Jade Halbert, University of Glasgow 2012 The Conference Student Bursary
I was delighted to be awarded a bursary from The Costume Society in association with Maney Publishing to attend this year’s symposium, The Making of a Monarchy for the Modern World, hosted by Historic Royal Palaces at Kensington Palace.
I’m mid way through my Mlitt in Dress and Textile Histories at The University of Glasgow, focusing my research on the court dressmakers of London in the early part of the twentieth century. The opportunity to attend a confrence with so many dress and costume strands was incredibly valuable to my research - where better to learn so much about how monarchy presents itself through image and dress?
Every panel I attended was superb; I was especially impressed with Clair Hughes’ Uneasy heads: hats and monarchs, Dr Philip Mansel’s From George IV to George VI: the rise and fall of civil uniform and Caroline de Guitaut’s Queen Mary and the royal jewels, all of which provoked new thoughts and leads for my own research. Professor Emeritus Alieen Ribeiro’s plenary lecture, Clothing monarchy, fashioning royalty was also a highlight, and an absolute treat for me as a dress historian.
It was fascinating to be able to tour the dress stores within the palace. Seeing such a wonderful collection of so many instantly recognisable royal garments and accessories really made clear to me the enduring importance of dress and etiquette to the royal image.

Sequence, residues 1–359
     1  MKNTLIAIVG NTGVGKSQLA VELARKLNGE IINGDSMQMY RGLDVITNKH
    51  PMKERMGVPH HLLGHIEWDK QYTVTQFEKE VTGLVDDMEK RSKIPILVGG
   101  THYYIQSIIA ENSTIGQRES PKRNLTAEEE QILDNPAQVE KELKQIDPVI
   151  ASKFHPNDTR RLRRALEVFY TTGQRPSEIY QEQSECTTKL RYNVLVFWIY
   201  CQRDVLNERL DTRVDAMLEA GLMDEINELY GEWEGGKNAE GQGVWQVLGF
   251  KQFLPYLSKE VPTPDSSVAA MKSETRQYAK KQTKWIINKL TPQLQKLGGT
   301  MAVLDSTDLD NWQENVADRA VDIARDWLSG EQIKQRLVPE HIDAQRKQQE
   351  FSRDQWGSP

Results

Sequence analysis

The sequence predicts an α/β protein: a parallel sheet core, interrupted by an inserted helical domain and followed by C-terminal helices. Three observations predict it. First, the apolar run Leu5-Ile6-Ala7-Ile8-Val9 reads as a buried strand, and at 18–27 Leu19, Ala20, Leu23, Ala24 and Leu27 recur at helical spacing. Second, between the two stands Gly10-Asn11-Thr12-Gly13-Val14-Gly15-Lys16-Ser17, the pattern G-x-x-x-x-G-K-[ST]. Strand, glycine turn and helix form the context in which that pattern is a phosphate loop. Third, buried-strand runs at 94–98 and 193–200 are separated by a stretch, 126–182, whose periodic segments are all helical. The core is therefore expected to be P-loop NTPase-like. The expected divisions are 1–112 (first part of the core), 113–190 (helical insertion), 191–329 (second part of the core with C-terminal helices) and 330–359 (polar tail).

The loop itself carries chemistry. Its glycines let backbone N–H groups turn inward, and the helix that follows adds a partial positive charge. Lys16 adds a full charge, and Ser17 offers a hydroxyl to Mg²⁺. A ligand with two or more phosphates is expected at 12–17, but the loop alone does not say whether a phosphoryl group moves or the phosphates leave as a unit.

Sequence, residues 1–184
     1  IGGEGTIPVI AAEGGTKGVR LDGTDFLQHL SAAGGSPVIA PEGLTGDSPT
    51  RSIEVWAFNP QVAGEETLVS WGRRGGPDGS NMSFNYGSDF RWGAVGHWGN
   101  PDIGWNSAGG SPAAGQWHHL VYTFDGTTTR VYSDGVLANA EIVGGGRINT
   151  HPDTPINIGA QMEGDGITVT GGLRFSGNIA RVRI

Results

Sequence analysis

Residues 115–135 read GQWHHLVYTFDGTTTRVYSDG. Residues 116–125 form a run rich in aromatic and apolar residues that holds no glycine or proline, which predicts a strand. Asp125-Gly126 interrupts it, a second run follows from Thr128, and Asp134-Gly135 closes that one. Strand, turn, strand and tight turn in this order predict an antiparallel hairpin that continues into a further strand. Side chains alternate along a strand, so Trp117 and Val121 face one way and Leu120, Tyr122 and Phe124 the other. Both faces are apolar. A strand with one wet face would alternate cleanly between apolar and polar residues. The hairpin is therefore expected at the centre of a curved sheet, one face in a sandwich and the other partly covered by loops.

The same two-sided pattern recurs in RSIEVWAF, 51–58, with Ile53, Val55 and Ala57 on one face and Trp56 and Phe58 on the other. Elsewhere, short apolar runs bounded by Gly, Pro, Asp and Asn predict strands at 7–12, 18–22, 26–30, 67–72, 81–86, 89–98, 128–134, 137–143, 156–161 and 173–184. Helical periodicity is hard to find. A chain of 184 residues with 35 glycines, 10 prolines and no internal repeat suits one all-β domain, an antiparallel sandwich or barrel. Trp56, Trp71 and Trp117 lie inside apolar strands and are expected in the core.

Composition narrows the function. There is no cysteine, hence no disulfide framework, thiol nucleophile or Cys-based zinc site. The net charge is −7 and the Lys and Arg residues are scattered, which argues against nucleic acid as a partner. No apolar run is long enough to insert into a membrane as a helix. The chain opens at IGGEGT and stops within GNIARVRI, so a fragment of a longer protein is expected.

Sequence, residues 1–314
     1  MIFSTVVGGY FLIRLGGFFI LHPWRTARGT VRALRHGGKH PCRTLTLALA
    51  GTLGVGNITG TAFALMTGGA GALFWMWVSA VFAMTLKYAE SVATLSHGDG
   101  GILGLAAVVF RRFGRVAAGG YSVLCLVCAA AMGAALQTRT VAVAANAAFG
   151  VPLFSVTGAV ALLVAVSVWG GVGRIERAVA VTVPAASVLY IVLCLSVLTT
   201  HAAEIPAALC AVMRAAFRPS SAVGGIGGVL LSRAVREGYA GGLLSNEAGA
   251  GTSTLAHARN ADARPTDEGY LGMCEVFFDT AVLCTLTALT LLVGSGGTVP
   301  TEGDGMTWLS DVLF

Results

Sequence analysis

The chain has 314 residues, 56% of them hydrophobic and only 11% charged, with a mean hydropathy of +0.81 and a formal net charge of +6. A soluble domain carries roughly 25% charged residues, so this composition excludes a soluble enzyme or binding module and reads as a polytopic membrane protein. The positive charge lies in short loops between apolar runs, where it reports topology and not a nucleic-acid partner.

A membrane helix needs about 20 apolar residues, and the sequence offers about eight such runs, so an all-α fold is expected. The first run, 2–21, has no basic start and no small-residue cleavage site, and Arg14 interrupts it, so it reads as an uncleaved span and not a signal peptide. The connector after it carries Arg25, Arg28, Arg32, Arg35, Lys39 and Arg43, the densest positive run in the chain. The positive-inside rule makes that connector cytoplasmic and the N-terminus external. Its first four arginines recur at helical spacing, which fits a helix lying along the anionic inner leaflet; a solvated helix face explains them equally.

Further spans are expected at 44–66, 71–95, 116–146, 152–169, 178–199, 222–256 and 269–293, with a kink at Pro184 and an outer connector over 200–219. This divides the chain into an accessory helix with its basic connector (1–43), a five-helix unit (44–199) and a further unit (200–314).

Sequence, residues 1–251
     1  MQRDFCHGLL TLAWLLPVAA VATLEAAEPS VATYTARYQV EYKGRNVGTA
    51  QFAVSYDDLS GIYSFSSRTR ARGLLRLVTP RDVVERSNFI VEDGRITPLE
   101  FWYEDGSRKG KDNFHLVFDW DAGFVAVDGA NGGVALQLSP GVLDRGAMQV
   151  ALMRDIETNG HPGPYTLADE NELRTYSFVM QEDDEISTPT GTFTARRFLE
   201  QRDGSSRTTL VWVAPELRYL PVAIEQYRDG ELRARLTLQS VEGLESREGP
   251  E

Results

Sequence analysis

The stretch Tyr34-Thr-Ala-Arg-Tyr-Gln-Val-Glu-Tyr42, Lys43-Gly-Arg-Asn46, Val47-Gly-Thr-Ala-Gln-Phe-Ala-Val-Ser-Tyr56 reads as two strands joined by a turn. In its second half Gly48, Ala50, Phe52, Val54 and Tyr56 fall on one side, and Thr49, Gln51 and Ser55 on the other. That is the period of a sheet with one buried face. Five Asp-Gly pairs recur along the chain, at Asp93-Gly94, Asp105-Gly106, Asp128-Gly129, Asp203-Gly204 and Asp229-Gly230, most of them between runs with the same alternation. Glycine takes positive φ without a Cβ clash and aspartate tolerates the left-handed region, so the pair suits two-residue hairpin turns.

One of the most valuable and enjoyable aspects of the conference was the chance to speak to others about their work, and to discuss mutual academic interests. The speakers and other delegates made up a rich, diverse group of academics and historians all working in different fields, so it was an exceptional environment in which to learn.
I am indebted to the many members of The Costume Society who made me feel so at ease and encouraged me throughout the three days. I would especially like to thank my fellow bursary winner, Serena Dyer of The University of York, Liz Booty, Chris Godfrey, Sylvia Ayton and Penelope Ruddock. Their genuine interest and support was so welcome and I’m sure my research will be greatly enriched by their input.